As a ROBLOX developer using Linux as their main operating system, it is currently cumbersome to develop and play on ROBLOX. Doing so either requires running ROBLOX in a virtual machine, which leads to sub-par performance in ROBLOX, or having to reboot every time the user wants to develop and play on ROBLOX.
As we all know, Linux’ market share is not as significant as that of Windows-based systems (2-5% based on what website you check, similar to MacOS’s market share). However, there are a few reasons I want to address why I think supporting Linux is important and feasible.
Developing for ROBLOX on Linux, in the current state
Currently there are three major ways of running studio. From most reliable to least reliable: Rebooting your machine into Windows or MacOS, running ROBLOX inside of a virtual machine or running ROBLOX under WINE.
All of the mentioned methods have some sort of downside when your main operating system is Linux. Booting your machine into MacOS or Windows rips you right out a comfortable working environment. Running ROBLOX in a virtual machine leads to sub-bar performance in ROBLOX and running ROBLOX under WINE basically crashes by only looking at it.
Linux support in Steam’s library
Other platforms are catching up with support for Linux, a good example of this is Steam. 3764 of the 16944 games released on Steam currently support Linux. This translates to roughly 22% of the games on Steam. That’s already a nice ramp up compared to a few years ago, but it’s maybe not quite impressive. However, similar to ROBLOX games, the top games are the ones that are more cross-platform than the others. When we look at the top games, we get this picture:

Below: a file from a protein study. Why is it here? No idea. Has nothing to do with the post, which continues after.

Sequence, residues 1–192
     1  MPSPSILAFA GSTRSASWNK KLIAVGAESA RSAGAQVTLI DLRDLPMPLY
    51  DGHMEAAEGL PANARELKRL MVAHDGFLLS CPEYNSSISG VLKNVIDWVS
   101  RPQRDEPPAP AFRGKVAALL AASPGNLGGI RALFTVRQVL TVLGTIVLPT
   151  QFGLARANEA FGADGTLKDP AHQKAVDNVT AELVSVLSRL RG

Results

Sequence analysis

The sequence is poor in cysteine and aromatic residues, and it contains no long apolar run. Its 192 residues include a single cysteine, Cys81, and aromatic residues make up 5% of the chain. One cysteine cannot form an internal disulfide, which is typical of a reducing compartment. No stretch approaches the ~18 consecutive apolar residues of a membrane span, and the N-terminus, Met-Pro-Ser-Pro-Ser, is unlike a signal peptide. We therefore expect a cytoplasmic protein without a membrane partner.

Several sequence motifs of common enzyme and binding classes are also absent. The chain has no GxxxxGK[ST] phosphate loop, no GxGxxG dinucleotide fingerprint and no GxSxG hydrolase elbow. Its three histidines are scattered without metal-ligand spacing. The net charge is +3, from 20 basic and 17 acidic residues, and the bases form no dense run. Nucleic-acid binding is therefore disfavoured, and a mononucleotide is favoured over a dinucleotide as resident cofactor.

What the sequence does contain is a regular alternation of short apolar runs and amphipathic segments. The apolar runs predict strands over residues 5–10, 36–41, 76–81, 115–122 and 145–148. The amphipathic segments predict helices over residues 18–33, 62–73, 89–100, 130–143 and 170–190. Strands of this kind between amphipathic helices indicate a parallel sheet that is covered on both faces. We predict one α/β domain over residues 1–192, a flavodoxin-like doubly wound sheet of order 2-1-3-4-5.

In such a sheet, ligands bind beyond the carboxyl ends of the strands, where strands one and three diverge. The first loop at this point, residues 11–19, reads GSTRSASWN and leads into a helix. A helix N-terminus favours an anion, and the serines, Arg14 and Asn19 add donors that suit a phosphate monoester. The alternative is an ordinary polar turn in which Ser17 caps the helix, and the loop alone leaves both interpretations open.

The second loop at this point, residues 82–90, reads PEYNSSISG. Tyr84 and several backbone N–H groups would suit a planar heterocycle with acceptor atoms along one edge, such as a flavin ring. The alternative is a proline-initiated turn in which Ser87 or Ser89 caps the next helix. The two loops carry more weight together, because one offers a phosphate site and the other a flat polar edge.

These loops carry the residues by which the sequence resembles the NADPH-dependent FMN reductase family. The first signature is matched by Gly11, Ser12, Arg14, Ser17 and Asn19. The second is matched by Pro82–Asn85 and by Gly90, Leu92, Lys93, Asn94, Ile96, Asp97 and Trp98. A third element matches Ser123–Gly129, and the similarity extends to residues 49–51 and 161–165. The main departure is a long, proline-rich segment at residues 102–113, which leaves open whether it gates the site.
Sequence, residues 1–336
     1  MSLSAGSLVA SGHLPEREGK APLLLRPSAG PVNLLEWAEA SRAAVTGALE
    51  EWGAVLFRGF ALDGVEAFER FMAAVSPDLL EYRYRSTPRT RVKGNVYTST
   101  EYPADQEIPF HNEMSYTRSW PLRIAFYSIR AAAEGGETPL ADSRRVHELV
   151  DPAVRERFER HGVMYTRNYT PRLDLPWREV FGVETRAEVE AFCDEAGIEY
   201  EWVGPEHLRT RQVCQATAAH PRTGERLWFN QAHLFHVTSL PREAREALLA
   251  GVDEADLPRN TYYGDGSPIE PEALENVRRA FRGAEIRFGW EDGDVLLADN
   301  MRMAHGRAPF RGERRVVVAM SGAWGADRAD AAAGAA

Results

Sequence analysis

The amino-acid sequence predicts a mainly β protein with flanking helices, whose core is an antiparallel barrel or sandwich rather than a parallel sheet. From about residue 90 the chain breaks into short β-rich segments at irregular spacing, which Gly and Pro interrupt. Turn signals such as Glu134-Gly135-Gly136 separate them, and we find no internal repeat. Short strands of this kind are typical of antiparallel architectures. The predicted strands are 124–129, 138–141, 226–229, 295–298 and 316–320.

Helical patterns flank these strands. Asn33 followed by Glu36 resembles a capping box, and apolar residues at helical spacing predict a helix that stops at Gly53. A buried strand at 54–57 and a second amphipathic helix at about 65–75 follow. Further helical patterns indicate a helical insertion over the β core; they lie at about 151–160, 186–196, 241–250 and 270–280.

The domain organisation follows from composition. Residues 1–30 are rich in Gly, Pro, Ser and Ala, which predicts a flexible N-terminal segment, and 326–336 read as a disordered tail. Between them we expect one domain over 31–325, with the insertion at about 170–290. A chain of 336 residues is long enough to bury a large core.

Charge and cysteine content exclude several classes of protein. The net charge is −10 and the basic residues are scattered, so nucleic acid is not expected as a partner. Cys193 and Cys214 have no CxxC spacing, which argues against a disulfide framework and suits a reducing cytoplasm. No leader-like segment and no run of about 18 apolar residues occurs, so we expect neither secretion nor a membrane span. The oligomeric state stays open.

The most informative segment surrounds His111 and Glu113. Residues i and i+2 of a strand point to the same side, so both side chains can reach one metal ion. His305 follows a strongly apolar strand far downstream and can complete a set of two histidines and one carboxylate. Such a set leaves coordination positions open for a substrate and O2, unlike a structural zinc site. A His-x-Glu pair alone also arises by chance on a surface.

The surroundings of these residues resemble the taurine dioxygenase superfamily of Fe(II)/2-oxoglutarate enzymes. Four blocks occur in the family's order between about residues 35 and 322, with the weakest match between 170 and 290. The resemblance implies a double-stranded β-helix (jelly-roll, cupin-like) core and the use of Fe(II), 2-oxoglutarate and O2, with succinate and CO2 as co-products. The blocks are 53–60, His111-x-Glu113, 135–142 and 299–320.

The games highlighted with yellow are the games that support Linux.
Current driver support
In the past, Linux was notorious for its driver support. Nowadays, you can pretty much install Linux on any random machine and expect it to work, given you’re installing a decently recent version. In the graphics department, AMD hardware works nicely with the open source stack provided in the kernel. At time of writing, this stack is maintained by both AMD themselves and VALVe. AMD does provide a proprietary driver that can be installed, in general, users seem not to complain about the drivers. On the other hand, nVidia drivers are still troublesome. The open source drivers work, but it is a must to install their proprietary drivers to get any decent performance on nVidia hardware.
Application distribution and supported APIs
Since games often rely on fixed versions of certain software libraries, it has in the past been troublesome to distribute games due to incorrect libraries being provided by the installation running on a user’s machine. Recent developments in the form of Snappy, Flatpak and AppImage have made it easy to distribute software that rely on very specific libraries.
Other than that, there are two major graphics libraries supported on Linux. OpenGL and Vulkan.
Support in Visual Studio 2017
Since the release of Visual Studio 2017, Visual Studio officially supports building to a Linux target. This works as you would expect from Visual Studio, debugger support that is on par with regular local Windows builds and all the other bells and whistles that come with Visual Studio.